The MGA With An Attitude

seat slide rails assembly parts
[Caution: don't let the pictures below fool you on another issue. My car incorrectly has two right hand seat adjusters. To place the rails in similar orientation for both seats, this puts one latch lever near the frame rail and one near the tunnel. Since I prefer the left one (driver side) to be outboard, I ended up with the rails turned inside out, so to speak. Originally the lower rails should have the slide edges toward the tunnel and frame rail, and the latch goes on the outboard slide.]

At 03:42 PM 9/7/04 -0400, Tony Thurston wrote:
>"How do you remove the seats?"

front end of seat rails
Slide seat forward, and remove screws from back end of floor rails.
Slide seat rearward, and remove screws from front end of floor rails.
Lift out the seats.
back end of seat rails

Original MGA seat rails have provision for three wood screws in each end of each floor rail, so there should be a total of 24 screws for 2 seats.

Replacement rails may be MGB type with one larger hole in each end. These are intended to bolt to welded nuts in the steel floor pan of the MGB. If this type floor rail is installed in the MGA, it needs a through hole with bolt, nut, lockwasher, and a very large flat washer underneath to prevent the bolt from pulling though the plywood floor.

Original MGA seat floor rails may have been screwed down on top of the thin carpet with no carpet pad, which prevents removal of the carpet piece under the seat. When the floor rails sit on the soft carpet they may get cocked a bit, and that misalignment could cause drag on the slides to make the seat position hard to adjust. With continued small movement of the floor rails the wood screws may also work loose, which can be dangerous as well as inconvenient. For these reasons I recommend that you cut slots through the carpeting to allow the floor rails to sit solidly on the floor boards. That will allow the screws to pull up tight and keep the floor rails secure for the long run, allowing the seat slides to operate properly and keeping the passengers safe.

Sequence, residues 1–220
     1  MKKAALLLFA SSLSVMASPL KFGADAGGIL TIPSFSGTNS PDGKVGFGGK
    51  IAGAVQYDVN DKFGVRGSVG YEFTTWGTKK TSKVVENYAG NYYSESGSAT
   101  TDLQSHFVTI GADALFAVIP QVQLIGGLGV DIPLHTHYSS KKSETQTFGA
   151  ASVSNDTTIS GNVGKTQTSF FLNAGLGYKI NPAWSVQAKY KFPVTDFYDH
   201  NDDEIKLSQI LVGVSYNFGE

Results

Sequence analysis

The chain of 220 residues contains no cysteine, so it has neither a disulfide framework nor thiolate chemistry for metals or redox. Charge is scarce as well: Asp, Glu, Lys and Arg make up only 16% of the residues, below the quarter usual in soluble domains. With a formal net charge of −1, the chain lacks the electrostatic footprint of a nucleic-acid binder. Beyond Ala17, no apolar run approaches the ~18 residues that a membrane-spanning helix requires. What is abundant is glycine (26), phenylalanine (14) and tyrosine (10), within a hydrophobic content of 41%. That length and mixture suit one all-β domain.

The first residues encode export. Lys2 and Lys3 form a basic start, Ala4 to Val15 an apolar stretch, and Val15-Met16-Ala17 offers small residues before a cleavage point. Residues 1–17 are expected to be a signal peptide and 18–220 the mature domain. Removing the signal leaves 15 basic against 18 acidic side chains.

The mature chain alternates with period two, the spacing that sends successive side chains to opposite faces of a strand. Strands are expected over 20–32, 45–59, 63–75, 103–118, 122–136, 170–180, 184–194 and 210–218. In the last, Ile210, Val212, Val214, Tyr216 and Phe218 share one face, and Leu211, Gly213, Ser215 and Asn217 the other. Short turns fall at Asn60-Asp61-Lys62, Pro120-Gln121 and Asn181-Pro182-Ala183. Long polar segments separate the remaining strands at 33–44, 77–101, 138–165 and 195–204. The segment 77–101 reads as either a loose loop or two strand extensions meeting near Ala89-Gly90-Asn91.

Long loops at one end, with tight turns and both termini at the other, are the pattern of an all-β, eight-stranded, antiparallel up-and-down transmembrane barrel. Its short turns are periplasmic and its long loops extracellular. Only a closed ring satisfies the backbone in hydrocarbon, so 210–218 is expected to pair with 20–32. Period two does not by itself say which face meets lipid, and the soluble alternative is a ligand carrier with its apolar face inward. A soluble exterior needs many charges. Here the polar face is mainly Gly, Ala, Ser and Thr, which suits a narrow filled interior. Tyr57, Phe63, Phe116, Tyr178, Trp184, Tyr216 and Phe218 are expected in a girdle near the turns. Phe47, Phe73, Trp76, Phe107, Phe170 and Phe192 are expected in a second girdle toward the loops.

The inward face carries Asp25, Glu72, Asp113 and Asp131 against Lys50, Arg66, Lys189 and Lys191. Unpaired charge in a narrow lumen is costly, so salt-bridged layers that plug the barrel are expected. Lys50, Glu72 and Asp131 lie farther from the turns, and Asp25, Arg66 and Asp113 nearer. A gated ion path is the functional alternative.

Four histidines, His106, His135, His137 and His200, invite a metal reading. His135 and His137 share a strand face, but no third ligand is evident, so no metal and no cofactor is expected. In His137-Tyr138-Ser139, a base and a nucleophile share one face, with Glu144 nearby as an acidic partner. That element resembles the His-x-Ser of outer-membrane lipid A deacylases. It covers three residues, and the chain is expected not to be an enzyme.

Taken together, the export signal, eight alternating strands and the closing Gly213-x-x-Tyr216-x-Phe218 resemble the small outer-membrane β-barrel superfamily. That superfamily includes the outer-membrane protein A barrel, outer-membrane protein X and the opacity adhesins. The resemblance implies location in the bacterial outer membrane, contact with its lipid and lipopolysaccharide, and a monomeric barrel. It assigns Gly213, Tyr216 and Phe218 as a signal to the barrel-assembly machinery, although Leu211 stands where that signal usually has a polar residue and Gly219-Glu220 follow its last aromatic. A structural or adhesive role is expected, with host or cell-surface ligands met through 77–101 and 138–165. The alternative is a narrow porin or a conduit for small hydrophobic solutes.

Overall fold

In the MGB the floor rails are elevated slightly from the steel floor pan, attached with a small tube spacer at each end, and supported for full length on a thin spacer strip underneath (originally a wood strip). This allows the slides to move above the carpet, and may allow for increased thickness of carpet padding.

You may notice in the pictures that I have the floor rails in my MGA slightly elevated on wood strips. As a matter of choice, these are 5/8 inch thick plywood strips. This elevates the seats about 1/2 inch (vs. rails on carpet), which may or may not be to your liking. I may be a bit shorter of stature than the average bloke, so this spacer gives me better visibility over the front wings when autocrossing (trying to snuggle right up to those cuddly orange cones). With the rag top up it tends to cause me to whack my head a little more on the steel top frame getting in an out of the car. With the top down it tends to allow moderate rain fall to speckle my forehead a bit, where it didn't do that much with the lower seats.

That extra space under the seat frames allowed me to install 3/8 inch carpet padding (which is glued to the floor), and to leave the under seat carpet lying loose so it is easy to R&R for cleaning (or drying). Both padding and carpet are cut with slots to lie beside the wood rail spacers. The rear carpet piece stops a few inches short of the front of the rails, and lies nicely in place by gravity and friction.. The front carpet piece overlaps the rear piece and is secured in place with LTD fasteners. In about one minute I can remove all four floor carpet pieces for east cleaning, and they go back in almost as easy.

My replacement floor boards are 1/2 inch thick (vs. 3/8 original). This allows a better bite for the screws in the seat rails, assuming you use the appropriate length screws. I have the 5/8 inch spacer strips screwed down first with a number of 1 inch long flat head wood screws, sunken 1/8 inch below flush to bite the full thickness of the floorboard. The screws for the seat floor rails can then be as much as 1 to 1-1/4 inches long for extraordinary grip to secure the seats. Them babies ain't movin nowhere. Ignoring originality, I used slotted hex washer head screws, which are easy to install with a power driver.

Addendum June 3, 2013:
These pictures are from Noel Attard showing his wood spacers for the seat rails. They are 5/8-inch thick at front end and 3/8-inch thick at rear end to give the seat a little extra tilt back.

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